This sermon series is about the Psalms – the songbook or playlist of the ancient people. Knowing our location in life, in every way, is incredibly important. The Psalms locate God and us. They show us where we feel dislocated in life and how we can be relocated to a place of truth that reflects God’s way and His heart.
Think of the minutes and the moments of our lives. Where is our time located?
Time is the great equalizer. It doesn’t matter whether you’re rich or poor, where you come from, or where you live. We all have a fixed amount of time.
Ever heard of the phrase, “time is money?” Like time, money is limited. But unlike money, you can’t make more time. You can’t work harder. You can’t borrow time or go into debt for more time.
When we’re young, we trade our time (our lives) for more resources. When we’re old, we trade our resources for more time (life).
Unlike money, most of us rarely think about how much time we have and even how we spend it…
…until we hit a speed bump…
And we’re faced with our own mortality or that of someone close to us.
Moses was known as the one who led the Israelites out of Egypt. But he actually lived 4 lives.
Interesting life. What a perspective on time and the seasons of life.
Talking about the nation and people of Israel – God has been the foundation and context of everything. Before the mountains were even born, that’s a cool image. God was before the things we look at and can’t imagine when they weren’t there.
There’s another part to it.
He’s even more permanent. And He’s above and beyond them.
From everlasting is like saying, “God, you know the arrows go in both directions. We’re in the middle, a blip in time. We had a start date, and we’ll have an end date. But you don’t.” So then he makes this dramatic statement.
Sort of like Gandalf, “You shall not pass!” This is hard for us because it exposes just how out of control we are. Does God just know how long we’ll live, or does He decide? We aren’t sure, but we know we don’t control that.
Most of us believe, even if we’re not Christians, that God has something to do with the length of our lives. What happens if you don’t acknowledge God when you or a loved one is faced with a health scare? You pray. You ask for prayer.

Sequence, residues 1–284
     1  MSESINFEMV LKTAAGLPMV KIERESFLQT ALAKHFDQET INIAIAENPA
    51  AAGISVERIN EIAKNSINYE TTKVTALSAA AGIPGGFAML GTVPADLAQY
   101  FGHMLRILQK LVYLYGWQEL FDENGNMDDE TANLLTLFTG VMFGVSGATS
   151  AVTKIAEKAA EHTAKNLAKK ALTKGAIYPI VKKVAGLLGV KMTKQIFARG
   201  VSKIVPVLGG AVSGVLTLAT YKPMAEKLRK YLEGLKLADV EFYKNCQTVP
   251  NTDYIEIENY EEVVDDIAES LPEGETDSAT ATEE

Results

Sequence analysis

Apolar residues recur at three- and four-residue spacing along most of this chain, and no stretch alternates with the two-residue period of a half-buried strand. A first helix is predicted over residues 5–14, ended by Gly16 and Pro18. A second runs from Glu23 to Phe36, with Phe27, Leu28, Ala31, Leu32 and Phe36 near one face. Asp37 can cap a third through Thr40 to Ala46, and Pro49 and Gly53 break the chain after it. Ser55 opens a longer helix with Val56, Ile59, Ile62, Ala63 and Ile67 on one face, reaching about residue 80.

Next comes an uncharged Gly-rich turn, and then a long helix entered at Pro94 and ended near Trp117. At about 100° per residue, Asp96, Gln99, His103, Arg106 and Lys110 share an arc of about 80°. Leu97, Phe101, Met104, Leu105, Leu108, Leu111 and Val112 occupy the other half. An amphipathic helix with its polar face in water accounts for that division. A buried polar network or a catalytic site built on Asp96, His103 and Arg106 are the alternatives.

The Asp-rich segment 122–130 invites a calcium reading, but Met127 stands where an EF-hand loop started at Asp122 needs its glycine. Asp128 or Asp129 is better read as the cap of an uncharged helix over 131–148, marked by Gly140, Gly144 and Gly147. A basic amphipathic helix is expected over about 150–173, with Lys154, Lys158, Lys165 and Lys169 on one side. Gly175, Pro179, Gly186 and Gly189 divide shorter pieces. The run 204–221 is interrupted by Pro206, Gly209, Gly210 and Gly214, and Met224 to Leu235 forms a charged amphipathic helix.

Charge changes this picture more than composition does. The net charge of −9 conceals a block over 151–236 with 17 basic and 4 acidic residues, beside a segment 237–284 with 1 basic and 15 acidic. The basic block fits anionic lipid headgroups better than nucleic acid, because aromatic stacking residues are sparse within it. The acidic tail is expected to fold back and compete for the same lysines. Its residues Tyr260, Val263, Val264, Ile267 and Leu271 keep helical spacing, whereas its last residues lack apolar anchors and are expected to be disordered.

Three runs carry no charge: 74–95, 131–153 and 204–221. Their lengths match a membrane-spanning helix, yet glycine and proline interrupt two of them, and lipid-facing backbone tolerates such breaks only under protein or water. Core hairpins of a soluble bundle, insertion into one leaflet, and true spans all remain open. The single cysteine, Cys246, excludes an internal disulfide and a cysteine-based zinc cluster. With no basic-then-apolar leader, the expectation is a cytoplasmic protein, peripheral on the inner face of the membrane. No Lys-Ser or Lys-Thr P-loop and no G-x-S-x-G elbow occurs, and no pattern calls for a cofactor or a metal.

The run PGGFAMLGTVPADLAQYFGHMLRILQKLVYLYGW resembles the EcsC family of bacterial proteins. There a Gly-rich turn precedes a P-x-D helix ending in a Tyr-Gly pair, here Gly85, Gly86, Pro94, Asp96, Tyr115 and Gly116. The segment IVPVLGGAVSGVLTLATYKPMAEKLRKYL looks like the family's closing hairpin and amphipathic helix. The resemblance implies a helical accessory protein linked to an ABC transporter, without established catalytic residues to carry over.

As we get older, we feel like the seasons are flying by. Imagine how it is for God.
Have you ever pulled weeds in the morning, and by the time you come back a few hours later, they’re wilted? He’s saying our lives are like that. First, we see a baby born, then in the blink of an eye, they’re in school, driving, and off to college. It’s fast for us, but it’s even faster for God.
But even when we see the tremendous goodness of life, we are also aware of the struggle. Moses is saying, "I get it. I grew up the golden boy and then spent 40 years tending sheep, thinking that was it. Then things pick up, and we're back in the driver's seat, only to get inches from the finish without crossing the line."
He’s saying, “Don’t lose faith just because you’re dwarfed by the magnitude of the universe and the magnitude of God, and you feel small, and life feels confusing. But look at your years and cherish your days.”
They quickly pass, and we fly away.
This is a tricky verse to translate. But here’s the essence of what it means:
When you recognize that you have a limited resource, you are careful with it. The result of doing this is that we may gain a heart of wisdom. And when we do this, it changes our perspective.
See how Moses ends:
The “work of our hands” here is not our great accomplishments. It’s the day-in, day-out. What we do every day. So when we number our days before God, we can trust that His favor rests on us and that He’s the author, the source of what seems routine, unglamorous, and unimpressive.
So think of these questions as you reflect.
The older we get, the more responsibility we carry, and the more impressed we become with these sidebar comments in the Gospels, where Jesus slips off to a lonely place to pray. Really? With all He had going on?
Here’s the trick. We can’t increase something without decreasing something else. If this were easy, we’d all do it.
What do we need to add or remove? Increase or decrease?
Start by praying the verse as a prayer, “Teach me to number my days that I may gain a heart of wisdom.”
When we were kids, our parents would take us to the store and give us money to spend on one item. It took forever to decide. Why? We were so careful because we wanted to get the most out of our limited resources.
When we truly look at our time – our days – as a limited resource, we will become much more careful with how, where, and on what we spend them.
We'll spend them in the places that matter, where a return is produced. Whether that’s people, relationships, serving, giving of us in the right ways, or making an impact that matters.
Teach us, Lord, to number our days so that we may gain a heart of wisdom.
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